Tax Breaks That Disappear on New Year’s Eve

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Remember the Fiscal Cliff from a year ago or so? It’s hard to remember how we thought it was the end of the world if Congress didn’t work a plan for the expiring Tax Cuts. Now, we’ve got a government shutdown and a looming debt ceiling along with forecasts of another 2008-style financial collapse.
But we can’t forget those tax breaks. That’s because some of them only had a temporary fix. We have a whole group of tax breaks set to expire at 12-31-13. If Congress does nothing about it, they are gone after this year.
Here’s a list of what is expiring after the end of the year:

Educator’s expenses. Teachers, instructors, counselors, principals and aides for kindergarten through 12th grade can deduct up to $250 out-of-pocket costs. This expires at the end of the year.

Cancellation of debt-mortgage debt forgiveness. If you lose your house to foreclosure or deed-in-lieu of foreclosure or through a short sale, you’ll have cancellation of debt income (COD). COD is normally taxable, except for the Mortgage Forgiveness Debt Relief Act of 2007. However, that exclusion is going away at the end of the year. That means the COD income would be taxable.

Mortgage insurance premiums deduction. Taxpayers with adjusted gross income of $109,000 or less can currently treat qualified mortgage insurance premiums as home mortgage interest.

Personal energy property credit. A credit subject to a $500 lifetime cap is available for qualified energy efficiency improvements and expenditures to a taxpayer’s principle residence until the last day of this year.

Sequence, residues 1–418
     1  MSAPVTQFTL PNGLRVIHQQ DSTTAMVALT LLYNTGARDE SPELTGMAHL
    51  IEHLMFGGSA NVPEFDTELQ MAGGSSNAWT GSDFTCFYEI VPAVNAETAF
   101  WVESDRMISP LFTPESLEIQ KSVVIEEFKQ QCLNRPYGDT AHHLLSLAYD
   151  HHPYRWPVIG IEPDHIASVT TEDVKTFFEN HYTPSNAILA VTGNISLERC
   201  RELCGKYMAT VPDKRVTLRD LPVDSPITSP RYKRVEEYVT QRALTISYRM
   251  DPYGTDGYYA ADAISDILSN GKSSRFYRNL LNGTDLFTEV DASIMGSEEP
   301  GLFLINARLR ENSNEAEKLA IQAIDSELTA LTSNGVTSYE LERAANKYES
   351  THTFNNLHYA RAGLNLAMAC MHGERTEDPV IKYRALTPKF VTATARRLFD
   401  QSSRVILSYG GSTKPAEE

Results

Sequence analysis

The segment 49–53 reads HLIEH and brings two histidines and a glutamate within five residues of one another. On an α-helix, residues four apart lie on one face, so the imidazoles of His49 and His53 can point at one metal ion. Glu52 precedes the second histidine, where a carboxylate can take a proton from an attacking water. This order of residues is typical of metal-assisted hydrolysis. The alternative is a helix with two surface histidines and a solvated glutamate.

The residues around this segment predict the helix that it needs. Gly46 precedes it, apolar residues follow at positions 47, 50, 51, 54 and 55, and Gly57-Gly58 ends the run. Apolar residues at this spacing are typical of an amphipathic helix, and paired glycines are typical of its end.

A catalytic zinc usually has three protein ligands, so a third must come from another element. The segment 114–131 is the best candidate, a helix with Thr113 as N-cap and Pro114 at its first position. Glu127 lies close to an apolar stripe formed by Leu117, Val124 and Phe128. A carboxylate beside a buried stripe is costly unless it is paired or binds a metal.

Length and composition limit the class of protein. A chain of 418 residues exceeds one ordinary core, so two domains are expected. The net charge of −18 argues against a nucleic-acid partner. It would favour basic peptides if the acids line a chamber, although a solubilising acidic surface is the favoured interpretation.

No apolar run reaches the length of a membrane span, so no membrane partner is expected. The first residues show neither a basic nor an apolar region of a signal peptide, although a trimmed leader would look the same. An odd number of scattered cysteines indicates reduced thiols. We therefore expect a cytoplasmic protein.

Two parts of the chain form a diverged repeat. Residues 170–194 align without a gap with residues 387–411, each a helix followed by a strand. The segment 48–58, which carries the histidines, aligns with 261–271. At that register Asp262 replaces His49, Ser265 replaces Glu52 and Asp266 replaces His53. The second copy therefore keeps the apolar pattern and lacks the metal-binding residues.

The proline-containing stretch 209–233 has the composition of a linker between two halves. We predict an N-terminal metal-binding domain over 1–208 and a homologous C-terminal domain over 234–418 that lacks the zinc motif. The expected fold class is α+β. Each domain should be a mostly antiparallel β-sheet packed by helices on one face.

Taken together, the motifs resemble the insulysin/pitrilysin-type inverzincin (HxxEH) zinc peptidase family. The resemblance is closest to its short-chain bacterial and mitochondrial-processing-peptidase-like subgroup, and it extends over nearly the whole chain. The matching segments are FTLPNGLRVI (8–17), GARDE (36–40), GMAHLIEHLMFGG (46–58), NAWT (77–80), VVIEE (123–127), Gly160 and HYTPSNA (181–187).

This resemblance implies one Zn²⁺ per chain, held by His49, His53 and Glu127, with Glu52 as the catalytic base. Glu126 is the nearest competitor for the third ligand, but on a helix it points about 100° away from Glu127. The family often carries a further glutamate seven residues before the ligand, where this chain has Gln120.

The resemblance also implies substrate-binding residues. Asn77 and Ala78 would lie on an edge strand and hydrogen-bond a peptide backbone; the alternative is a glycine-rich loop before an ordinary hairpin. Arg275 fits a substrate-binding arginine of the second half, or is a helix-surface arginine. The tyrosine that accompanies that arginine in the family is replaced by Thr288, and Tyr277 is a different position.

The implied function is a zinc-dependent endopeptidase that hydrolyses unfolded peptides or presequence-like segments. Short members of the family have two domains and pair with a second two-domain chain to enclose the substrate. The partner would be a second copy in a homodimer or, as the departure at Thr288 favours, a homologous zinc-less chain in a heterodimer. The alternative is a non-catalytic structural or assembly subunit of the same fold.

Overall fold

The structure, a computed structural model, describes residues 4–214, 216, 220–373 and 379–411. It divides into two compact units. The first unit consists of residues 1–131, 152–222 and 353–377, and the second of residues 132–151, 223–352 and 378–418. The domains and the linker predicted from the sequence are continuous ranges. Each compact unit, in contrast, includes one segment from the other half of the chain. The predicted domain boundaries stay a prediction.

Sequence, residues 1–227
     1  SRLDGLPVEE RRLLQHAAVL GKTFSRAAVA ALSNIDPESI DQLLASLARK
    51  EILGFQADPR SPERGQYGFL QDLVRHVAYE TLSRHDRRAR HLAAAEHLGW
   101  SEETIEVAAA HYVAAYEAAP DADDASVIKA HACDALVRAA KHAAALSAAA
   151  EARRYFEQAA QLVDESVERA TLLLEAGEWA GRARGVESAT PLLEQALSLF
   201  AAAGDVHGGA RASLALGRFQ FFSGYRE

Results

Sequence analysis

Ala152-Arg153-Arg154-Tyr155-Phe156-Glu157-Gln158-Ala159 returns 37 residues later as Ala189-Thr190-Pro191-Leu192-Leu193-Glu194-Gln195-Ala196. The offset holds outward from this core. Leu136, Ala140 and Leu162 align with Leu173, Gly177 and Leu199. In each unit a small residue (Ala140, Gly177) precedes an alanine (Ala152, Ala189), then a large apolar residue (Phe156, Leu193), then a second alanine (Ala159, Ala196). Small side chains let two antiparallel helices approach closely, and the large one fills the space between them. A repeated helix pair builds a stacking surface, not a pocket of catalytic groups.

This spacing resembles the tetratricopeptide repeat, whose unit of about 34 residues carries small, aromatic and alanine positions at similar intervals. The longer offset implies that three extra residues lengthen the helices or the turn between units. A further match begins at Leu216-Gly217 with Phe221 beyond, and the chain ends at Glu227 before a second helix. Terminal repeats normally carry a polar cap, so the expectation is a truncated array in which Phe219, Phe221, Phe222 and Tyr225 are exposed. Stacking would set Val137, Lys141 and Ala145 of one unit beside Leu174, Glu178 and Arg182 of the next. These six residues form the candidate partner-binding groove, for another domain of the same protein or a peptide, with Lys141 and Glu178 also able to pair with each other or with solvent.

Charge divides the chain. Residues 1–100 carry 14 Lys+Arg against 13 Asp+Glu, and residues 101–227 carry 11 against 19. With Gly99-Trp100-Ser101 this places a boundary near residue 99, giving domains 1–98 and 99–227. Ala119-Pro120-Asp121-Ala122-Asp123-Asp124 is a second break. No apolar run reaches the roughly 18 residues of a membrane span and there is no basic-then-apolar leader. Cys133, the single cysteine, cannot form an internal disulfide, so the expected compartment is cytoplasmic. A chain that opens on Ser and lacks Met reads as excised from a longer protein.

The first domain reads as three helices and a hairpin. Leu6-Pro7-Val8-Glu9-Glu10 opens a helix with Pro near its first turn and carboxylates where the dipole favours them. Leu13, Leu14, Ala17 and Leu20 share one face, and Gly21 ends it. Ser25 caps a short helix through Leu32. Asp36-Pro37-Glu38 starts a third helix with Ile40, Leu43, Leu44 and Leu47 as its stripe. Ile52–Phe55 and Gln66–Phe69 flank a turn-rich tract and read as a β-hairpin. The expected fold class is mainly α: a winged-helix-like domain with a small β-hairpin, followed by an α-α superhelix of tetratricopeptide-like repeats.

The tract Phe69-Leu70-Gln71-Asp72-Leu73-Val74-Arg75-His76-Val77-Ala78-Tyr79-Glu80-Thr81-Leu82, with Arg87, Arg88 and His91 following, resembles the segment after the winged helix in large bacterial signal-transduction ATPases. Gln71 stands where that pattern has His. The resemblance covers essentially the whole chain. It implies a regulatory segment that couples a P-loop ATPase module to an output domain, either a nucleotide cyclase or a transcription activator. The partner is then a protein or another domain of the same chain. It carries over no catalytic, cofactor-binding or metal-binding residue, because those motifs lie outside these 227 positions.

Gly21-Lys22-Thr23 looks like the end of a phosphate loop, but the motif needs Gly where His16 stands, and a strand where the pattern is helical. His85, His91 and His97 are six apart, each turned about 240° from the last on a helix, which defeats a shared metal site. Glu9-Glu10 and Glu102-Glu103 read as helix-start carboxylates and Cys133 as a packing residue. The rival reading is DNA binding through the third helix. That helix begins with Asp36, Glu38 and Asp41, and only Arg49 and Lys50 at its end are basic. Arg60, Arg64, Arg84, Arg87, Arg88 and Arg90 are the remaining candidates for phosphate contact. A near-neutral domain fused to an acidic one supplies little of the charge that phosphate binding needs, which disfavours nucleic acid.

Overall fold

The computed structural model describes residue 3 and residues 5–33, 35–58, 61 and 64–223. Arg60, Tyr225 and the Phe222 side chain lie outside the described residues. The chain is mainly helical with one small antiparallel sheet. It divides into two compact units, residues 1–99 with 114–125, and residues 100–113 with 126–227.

State and local sales taxes deduction. Many taxpayers who do not pay state income taxes can take instead the state and local sales tax deduction, but only through 2013.

Tuition and fees deduction. Individuals can claim an above-the-line deduction for tuition and fees for qualified higher education expenses.

Small business owners and real estate investors, take note of the following:
Qualified leasehold, restaurant and retail improvement property depreciation changes. Depreciation for the above items is currently calculated over a life of 15 years. After 2013, they go to 39 year life.

Section 179 deduction limit. Currently, the Section 179 deduction and qualifying property limits are $500,000 and $2 million respectively. After 2013, the deduction for Section 179 expensing will be $25,000 and $200,000 respectively.

Special (bonus) depreciation. Certain personal property is currently allowed a 50% special depreciation. That goes away after Dec 31.

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